New Orleans, La., Jun 18, 2014 / 03:00 am
Church support for marriage among poor and middle class Americans can play a key role in combating income inequality and providing a good environment for children, a sociologist told the U.S. bishops.
"If you care about bridging the marriage divide, you should care about economic justice, cultural change, and the renewal of civil society," Professor W. Bradford Wilcox, a University of Virginia sociology professor, told the U.S. Conference of Catholic Bishops' general assembly in New Orleans on June 12.
"If you care about poverty, if you care about income inequality; if you care about opportunity in America, you should care about marriage," he added.
Wilcox, who directs the University of Virginia's National Marriage Project, cited numerous studies about the state of the family and the benefits a stable marriage provides.
He explained that a stable family where both parents are married provides the "human capital" to help spouses and their children succeed. Married parents' children are more likely to succeed in education and in life. Children of married parents are more likely to avoid poverty, abuse, neglect, incarceration, and teen pregnancy.
However, Wilcox said that cultural, economic and societal shifts have "coalesced to undercut marriage." Marriage rates and behaviors increasingly reflect and worsen a class divide.
Research suggests that the shift in family structure away from marriage accounts for 41 percent of the increase in economic inequality since 1975, the sociology professor said. Poor children from married two-parent families have greater economic opportunities than those raised without both parents or whose parents cohabitate.
Rates of divorce and non-marital childbearing have declined among the affluent and the college educated, where a marriage-minded culture is re-emerging.
"In the nation's poorest communities, by contrast, marriage is in full retreat and has been declining since the 1970s," Wilcox told the bishops' conference.
While the behaviors of the working class and lower middle class in the early 1980s resembled the marriage-minded behaviors of the upper class, these classes now suffer an erosion in family stability. Their behavior patterns now more closely resemble those among the poor, he said.
About 20 percent of children are now born to cohabitating relationships, which are more unstable than marriages and suffer from less commitment and trust, according to studies. Children whose parents have remarried after divorce also suffer many of the problems of children raised in single-parent families.
Most Americans still "aspire for marriage," and want "a happy and stable married life," Wilcox noted. However, they have grown "more accommodating of departures from the ideal." While the affluent and highly educated have acquired stricter attitudes against divorce and premarital sex, less educated Americans have become more permissive.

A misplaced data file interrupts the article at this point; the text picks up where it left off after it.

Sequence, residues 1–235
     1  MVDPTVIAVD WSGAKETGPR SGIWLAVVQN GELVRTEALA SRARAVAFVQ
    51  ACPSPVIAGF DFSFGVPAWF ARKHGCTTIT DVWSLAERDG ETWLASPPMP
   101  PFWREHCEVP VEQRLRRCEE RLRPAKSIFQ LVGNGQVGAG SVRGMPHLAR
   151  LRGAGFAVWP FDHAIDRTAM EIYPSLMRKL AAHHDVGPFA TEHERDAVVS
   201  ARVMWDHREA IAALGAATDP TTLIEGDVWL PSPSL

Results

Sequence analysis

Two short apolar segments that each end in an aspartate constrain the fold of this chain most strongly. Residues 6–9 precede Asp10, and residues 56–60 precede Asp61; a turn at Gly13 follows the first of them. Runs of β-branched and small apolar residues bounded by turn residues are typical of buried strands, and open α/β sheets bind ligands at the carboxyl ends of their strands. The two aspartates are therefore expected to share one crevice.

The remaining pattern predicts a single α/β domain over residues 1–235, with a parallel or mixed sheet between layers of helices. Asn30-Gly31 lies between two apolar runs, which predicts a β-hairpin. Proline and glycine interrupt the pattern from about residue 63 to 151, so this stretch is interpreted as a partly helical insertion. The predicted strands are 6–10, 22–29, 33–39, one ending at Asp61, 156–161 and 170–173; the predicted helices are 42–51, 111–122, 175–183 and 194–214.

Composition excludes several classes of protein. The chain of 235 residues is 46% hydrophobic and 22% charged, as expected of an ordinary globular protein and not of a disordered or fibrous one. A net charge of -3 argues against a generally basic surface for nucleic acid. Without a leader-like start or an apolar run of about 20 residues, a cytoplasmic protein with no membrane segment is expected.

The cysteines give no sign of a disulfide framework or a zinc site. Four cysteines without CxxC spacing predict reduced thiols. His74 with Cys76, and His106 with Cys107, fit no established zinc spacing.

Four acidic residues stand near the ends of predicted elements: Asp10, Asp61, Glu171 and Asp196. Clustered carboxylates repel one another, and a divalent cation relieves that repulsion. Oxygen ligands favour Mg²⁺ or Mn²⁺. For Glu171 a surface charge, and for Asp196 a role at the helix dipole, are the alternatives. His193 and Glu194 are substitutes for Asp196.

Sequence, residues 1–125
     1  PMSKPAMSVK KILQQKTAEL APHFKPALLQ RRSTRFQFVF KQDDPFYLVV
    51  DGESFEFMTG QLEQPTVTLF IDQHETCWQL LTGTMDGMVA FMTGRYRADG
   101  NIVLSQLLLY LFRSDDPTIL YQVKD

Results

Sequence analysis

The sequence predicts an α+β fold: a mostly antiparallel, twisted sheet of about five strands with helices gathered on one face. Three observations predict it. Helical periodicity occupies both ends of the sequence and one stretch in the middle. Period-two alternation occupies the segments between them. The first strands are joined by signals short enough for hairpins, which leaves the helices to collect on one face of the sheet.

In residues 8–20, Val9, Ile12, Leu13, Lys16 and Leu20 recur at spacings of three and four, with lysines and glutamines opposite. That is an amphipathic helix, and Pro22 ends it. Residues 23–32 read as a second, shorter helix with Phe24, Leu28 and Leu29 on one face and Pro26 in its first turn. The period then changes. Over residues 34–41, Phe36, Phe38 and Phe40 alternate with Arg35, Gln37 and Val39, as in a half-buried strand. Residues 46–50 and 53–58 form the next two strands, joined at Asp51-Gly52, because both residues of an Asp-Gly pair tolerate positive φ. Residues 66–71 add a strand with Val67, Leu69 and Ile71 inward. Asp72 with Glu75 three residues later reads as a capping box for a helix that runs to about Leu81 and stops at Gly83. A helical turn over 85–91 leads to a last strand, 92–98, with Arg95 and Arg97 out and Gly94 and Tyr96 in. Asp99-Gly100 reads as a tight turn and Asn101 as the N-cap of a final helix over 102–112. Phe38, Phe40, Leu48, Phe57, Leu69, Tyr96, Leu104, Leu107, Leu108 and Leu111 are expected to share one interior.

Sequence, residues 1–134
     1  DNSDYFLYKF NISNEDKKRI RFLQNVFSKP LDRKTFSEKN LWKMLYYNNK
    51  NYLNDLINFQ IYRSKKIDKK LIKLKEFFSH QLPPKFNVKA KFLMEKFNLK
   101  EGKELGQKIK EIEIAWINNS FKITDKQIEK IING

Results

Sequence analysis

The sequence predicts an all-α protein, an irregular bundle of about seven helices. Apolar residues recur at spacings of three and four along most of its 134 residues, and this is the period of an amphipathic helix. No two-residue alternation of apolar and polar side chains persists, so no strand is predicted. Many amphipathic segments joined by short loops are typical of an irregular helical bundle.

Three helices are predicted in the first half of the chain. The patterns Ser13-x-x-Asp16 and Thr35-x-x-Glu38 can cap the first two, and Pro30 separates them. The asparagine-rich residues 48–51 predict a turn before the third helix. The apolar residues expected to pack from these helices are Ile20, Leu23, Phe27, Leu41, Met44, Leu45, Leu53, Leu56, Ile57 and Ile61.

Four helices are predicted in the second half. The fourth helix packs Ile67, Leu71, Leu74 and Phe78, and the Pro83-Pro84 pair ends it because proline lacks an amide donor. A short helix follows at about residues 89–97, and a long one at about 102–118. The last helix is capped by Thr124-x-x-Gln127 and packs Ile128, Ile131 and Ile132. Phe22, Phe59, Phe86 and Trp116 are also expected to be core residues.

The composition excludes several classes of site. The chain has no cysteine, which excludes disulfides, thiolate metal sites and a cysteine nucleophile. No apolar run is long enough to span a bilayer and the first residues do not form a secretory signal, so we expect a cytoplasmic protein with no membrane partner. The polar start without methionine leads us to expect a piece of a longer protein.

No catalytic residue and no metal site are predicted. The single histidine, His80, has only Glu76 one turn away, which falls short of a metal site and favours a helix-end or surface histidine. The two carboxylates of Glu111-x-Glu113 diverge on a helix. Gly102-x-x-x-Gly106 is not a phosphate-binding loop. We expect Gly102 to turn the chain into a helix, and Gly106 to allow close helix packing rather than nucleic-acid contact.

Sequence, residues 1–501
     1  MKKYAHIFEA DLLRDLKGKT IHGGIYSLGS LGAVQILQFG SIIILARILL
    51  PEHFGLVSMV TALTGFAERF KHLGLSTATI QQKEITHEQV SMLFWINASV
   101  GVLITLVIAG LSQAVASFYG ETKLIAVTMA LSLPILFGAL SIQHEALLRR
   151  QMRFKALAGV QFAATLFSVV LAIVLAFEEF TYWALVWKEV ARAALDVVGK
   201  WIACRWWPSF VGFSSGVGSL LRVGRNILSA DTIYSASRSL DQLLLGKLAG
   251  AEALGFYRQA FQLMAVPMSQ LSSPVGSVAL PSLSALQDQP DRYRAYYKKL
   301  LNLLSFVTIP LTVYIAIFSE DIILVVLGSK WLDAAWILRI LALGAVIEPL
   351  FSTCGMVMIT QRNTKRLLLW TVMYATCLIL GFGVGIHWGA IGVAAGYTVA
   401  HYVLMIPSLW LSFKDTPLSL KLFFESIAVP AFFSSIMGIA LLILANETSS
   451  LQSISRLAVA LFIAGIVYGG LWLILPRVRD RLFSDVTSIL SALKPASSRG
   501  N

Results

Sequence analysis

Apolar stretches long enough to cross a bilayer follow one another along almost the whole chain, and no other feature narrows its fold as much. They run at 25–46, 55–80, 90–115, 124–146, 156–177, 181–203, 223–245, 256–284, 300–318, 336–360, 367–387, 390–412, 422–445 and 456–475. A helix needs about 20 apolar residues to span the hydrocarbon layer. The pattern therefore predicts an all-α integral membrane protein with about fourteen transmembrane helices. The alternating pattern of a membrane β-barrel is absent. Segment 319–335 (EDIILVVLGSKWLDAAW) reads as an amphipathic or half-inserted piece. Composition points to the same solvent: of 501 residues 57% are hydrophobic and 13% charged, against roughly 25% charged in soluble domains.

Wilcox agreed with both liberal and conservative assessments of the decline in marriage.
Conservatives focus on cultural and policy changes that have "deliberately or unintentionally" undercut social norms related to marriage.
Liberals focus on economic shifts away from an industrial economy, which harm the prospects of working class or poor men. A fall in male wages and increasing male unemployment means men are less likely to get married or stay married.
Wilcox suggested that both liberal and conservative analysts have ignored the how the decline of civil society institutions has affected marriage.
Middle Americans, especially men, are "increasingly disengaged" from work and civil society institutions, including churches, which have traditionally supplied "money, moral direction and social support" for marriage.
"We've seen a dramatic decline in Church attendance among middle Americans and among the least educated Americans," Wilcox said. "That has obvious implications for their capacity to hear messages related to family and to experience the spiritual and social support that churches have traditionally afforded marriage and family life."
Wilcox suggested to the bishops that churches should be "a voice for economic justice" and should help direct economic resources towards families. They should seek to eliminate public policies that discourage or penalize marriage.
Religious and lay leaders should speak about the benefits of intact marriage for children while also supporting couples in "crisis." Churches with employment ministries can help families harmed by job loss, while marriage preparation ministry can improve the quality of marriages.
Church ministries should target men, particularly working class and poor men, who are "the most distanced" from religious communities in America.
Wilcox said that religious faith "can be an asset" for marriage in America, especially for couples who share the same faith and worship and pray together. Those with a common faith who "have a sense that God is present in their marriage" are more likely to report a high quality marriage, he noted.
Such efforts will help halt the emergence of an America that is "increasingly separate and unequal" when it comes to marriage, he said.